Crossing the divide 

Japanese government representatives visit Sea to Sky communities

Squamish and Whistler hosted a number of high profile Canadian and Japanese political figures last week in an effort to promote business, investment, tourism, and educational interests between the two countries.

Six Canadian Members of Parliament (MP), a Canadian Senator, the Japanese Ambassador to Canada and four members of the Japanese legislature (Diet) along with staff toured Squamish and Whistler Jan. 5-7 in a diplomatic showing of good will organized by West Vancouver - Sunshine Coast - Sea to Sky Country MP John Weston. Though Weston was unable to attend due to prior commitments in Taiwan, a number of local representatives were on hand to help showcase sporting venues, schools, accommodations and restaurants in Whistler and Squamish.

"What they seemed to be trying to achieve was a fact-finding, relationship-building tour," said Resort Municipality of Whistler (RMOW) Councillor Ted Milner, who attended the Whistler portion of the tour.

"They were interested in how we do business here.

"They said that Japanese young people aren't skiing so much anymore and that a lot of the travellers are older - 40, 50, 60 and so on and they are going to places like Banff, Toronto and Quebec City so they wanted to know what we were doing to try to entice them to come here. So we talked about our new initiatives on cultural tourism and place-based tourism and our event strategy and they seemed to like it."

Whistler Film Festival executive director Shauna Hardy Mishaw, Tourism Whistler President and CEO Barrett Fisher and Whistler Blackcomb President and CFO Dave Brownlie presented on their various programs and initiatives before the group was treated to a private champagne sabreing demonstration in the wine cellar of the Bearfoot Bistro. The delegates were put up at the Four Seasons Hotel courtesy of the Canadian government.

The three-day circuit included a luncheon at Quest University in Squamish, where the Japanese Diet met with school officials to discuss the potential of exchange between the two country's universities.

"Promoting education in Canada is one way our government can attract a variety of investment, including the tuition paid to our educational institutions," said Weston in an interview from Taiwan. "The things that have arisen from this delegation in the preceding Chinese delegation of the national people's congress in October is a reiteration of what we knew - that we have to be engaged with the Pacific Rim in a meaningful way to take advantage of business investment, tourism, and student exchange."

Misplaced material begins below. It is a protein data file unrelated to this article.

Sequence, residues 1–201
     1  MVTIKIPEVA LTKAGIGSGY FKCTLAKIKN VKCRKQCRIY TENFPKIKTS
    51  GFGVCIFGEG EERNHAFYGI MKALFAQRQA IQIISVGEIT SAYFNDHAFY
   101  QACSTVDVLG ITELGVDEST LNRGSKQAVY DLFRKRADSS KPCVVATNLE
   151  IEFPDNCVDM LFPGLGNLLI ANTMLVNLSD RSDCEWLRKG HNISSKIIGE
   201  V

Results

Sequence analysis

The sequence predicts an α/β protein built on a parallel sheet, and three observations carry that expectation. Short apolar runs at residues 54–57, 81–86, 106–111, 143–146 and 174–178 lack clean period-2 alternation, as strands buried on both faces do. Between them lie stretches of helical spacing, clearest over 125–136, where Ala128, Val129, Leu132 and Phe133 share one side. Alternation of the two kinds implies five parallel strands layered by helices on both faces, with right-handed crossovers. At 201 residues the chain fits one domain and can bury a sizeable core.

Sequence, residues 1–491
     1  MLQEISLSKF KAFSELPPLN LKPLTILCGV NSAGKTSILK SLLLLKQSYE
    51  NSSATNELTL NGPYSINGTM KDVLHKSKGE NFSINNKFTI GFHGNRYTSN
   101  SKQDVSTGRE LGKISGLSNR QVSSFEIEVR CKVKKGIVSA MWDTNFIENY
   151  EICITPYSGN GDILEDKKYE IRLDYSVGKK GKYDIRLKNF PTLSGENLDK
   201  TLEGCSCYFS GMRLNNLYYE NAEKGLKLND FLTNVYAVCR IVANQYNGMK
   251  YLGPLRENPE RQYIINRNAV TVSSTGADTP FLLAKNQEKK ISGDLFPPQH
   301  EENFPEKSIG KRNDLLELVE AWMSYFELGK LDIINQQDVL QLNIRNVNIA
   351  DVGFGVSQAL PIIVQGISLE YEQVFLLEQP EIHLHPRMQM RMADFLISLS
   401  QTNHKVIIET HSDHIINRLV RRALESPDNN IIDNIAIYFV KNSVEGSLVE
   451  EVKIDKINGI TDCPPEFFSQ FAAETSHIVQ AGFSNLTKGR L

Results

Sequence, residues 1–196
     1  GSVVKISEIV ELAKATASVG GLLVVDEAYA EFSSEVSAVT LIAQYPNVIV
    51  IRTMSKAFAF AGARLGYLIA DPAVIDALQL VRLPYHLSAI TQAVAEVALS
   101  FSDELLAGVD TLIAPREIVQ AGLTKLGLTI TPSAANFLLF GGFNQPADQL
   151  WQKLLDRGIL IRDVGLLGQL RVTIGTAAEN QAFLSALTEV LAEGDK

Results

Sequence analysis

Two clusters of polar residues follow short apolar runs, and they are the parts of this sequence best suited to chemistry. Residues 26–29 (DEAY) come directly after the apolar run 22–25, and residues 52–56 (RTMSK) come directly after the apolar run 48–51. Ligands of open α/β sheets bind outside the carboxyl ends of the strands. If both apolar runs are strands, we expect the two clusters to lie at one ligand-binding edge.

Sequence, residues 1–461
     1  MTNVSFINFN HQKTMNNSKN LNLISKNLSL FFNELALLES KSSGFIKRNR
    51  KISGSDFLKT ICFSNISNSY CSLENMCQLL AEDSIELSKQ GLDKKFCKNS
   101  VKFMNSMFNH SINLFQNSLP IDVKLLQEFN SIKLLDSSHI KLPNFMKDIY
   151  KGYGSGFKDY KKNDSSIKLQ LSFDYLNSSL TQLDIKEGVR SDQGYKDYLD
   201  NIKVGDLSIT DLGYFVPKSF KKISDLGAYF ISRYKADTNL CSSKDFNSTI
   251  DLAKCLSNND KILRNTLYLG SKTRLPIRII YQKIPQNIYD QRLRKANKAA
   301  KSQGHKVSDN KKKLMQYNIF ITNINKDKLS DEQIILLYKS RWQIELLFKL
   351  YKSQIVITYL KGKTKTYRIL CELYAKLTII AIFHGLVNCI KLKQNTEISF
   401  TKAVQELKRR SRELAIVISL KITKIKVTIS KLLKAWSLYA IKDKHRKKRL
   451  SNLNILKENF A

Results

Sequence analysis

While Quest currently has no Japanese exchange students on its registrar's list, school president David Helfand said that related discussions are underway with three Japanese universities.

Language barriers are the biggest detriment facing non-English speaking students looking to enroll in Quest as the private university doesn't offer English as a Second Language (ESL) classes and expects its students to be able to read and write at a high level of English.

"Coming here was largely a consequence of us being a convenient distance between Vancouver airport and Whistler to stop for lunch, but it's nice because it gives both the MPs from Ottawa and the visiting delegation an introduction to the Sea to Sky corridor and what we are doing here at Quest," said Helfand.

"It was just a way to introduce them to the culture of this area. It was useful getting time to speak to them to have a relationship of some kind."

The Canada-Japan Inter-Parliamentary Group has met 17 times to promote business and trade between the two countries. Its purpose is in line with a group visit from China's National People's Congress three months ago, also focused on improving trade among the Pacific Rim countries.

Whistler's Patrick McCurdy represented MP Weston in Whistler and said the business landscape in the corridor will benefit from the tour.

"My overall view is that this established new relationships that will last a long time," said McCurdy.

"I think they took away, from the whole Sea to Sky corridor and particularly Whistler, the spectacular nature of our setting and the very professional way in which we run," he said. "Some of the people came to me afterwards and said they were very impressed with how the presentation had flowed. I think we really had a successful gathering of people here."

The three days wrapped up with the signing of a document that addressed an understanding that Canada and Japan would pursue discussions around the establishment of a free trade agreement.




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